A few weeks ago, we wrote about several recent cases where tower owners were fined for not having their towers lights working in the manner that was required by their licenses. In another case released this week, the FCC’s Enforcement Bureau decided that a $20,000 fine was appropriate for a tower owner in Alaska whose lights were not working when the FCC inspected the facility (and the FAA had not been notified of the outage). The FCC rejected arguments that the fine should be lower as efforts were immediately made to fix the lighting issues after the FCC notified the owner of the issue – finding that such post-notice efforts come too late to justify a fine reduction. The Bureau also said that, as the tower owner was a large company, an upward adjustment of the fine, doubling a $10,000 base fine, was appropriate. The decision found that, for the large telecommunications company that owned the tower, a smaller penalty would not be a deterrent to future bad conduct. The decision warned other large companies that enhanced penalties should be expected so that the fines are not just a “cost of doing business.”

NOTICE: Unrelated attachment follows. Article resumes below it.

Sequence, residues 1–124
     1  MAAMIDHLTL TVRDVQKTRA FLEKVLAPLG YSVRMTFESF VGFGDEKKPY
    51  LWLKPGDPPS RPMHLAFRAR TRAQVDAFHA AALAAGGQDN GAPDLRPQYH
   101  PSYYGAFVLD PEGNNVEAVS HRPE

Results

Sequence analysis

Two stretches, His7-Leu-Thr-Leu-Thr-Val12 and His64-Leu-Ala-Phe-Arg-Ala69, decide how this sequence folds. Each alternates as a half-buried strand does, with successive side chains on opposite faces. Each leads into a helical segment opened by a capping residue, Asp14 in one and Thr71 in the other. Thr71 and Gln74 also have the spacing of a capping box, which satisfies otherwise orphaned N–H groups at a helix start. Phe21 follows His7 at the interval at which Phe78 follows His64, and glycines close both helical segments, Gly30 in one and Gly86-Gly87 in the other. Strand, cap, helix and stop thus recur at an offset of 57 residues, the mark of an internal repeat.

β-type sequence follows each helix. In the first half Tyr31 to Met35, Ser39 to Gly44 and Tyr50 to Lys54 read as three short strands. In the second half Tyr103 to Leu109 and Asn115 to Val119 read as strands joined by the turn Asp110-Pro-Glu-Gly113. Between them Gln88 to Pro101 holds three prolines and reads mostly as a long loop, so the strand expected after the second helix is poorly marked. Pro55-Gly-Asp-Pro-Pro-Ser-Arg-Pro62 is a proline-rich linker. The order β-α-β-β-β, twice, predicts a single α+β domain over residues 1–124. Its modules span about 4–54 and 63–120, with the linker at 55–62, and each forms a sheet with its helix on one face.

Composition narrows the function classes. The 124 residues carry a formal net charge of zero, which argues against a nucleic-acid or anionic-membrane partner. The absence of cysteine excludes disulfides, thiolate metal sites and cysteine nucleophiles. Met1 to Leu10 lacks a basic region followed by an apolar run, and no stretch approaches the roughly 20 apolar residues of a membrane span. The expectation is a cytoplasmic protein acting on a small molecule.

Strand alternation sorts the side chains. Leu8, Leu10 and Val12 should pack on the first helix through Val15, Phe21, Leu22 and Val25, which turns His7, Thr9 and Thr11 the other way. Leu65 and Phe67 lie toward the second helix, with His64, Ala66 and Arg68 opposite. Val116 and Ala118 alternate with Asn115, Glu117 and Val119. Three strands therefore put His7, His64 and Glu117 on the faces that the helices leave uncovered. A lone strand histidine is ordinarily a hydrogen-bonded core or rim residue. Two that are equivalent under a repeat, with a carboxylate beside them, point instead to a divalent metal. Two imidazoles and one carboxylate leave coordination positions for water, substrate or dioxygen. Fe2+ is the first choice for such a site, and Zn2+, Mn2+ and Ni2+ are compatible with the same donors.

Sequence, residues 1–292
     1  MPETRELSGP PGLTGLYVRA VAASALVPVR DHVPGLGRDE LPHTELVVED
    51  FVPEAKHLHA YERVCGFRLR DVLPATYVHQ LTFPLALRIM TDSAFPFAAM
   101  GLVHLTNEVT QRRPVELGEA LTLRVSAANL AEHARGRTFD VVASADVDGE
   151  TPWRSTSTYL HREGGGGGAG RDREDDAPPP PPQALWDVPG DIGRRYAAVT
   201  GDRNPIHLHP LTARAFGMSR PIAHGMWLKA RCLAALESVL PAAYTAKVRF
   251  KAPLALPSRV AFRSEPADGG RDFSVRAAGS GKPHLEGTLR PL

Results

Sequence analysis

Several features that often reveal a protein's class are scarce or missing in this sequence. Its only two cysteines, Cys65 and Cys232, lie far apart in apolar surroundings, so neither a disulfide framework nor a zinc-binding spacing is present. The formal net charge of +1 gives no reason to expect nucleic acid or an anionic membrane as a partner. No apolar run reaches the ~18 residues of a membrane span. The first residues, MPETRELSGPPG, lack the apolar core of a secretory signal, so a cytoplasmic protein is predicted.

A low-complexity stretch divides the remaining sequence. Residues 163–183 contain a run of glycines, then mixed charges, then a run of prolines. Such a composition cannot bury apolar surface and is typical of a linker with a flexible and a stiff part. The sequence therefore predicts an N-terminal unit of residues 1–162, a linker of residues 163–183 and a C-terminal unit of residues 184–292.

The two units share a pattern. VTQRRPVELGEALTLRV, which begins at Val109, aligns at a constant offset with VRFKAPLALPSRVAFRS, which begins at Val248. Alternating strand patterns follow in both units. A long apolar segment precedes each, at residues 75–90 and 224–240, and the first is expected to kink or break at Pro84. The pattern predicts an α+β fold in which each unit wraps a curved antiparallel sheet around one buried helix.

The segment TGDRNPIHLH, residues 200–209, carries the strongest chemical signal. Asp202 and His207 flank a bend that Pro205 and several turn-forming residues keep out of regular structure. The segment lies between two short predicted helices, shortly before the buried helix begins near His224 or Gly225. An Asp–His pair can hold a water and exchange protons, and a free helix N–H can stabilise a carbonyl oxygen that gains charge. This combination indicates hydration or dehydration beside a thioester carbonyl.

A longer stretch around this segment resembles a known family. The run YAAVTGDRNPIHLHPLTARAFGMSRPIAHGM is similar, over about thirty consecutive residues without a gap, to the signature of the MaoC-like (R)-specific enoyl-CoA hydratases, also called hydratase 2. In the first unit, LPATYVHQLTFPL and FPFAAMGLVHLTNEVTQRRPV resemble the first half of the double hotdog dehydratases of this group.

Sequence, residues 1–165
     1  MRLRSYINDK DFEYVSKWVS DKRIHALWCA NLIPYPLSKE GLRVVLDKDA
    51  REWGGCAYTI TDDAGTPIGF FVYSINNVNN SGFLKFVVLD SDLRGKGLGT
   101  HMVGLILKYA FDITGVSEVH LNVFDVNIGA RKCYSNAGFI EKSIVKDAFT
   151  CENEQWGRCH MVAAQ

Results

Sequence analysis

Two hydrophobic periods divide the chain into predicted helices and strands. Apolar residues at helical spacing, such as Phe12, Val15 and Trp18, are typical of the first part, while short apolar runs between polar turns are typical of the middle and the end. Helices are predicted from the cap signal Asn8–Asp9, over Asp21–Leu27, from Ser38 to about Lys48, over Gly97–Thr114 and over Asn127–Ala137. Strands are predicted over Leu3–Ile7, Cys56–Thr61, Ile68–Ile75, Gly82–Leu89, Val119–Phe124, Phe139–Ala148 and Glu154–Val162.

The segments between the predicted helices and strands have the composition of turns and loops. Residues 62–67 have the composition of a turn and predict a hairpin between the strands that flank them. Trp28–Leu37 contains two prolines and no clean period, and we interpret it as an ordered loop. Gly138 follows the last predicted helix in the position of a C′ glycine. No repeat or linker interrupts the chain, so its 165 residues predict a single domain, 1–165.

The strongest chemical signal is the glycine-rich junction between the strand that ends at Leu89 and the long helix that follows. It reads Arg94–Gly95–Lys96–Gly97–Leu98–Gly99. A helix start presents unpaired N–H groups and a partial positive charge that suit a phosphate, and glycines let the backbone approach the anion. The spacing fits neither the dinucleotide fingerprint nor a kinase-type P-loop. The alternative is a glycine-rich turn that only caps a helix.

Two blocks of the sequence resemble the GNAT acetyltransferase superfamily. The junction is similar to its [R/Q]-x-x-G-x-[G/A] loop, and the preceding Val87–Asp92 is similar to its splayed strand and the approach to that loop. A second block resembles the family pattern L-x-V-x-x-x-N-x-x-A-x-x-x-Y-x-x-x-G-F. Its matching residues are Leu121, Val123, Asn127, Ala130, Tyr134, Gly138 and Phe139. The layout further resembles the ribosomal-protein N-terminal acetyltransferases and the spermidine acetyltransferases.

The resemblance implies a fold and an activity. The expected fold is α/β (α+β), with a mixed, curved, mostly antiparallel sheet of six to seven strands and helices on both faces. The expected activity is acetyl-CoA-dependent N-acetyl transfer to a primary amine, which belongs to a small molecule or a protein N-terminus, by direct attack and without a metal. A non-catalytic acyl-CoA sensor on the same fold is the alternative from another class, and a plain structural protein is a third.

The decision should serve as a reminder of the seriousness with which the FCC views potential safety issues, and also a warning to large companies that their actions may result in larger than expected fines for violations of FCC rules that are discovered in the future.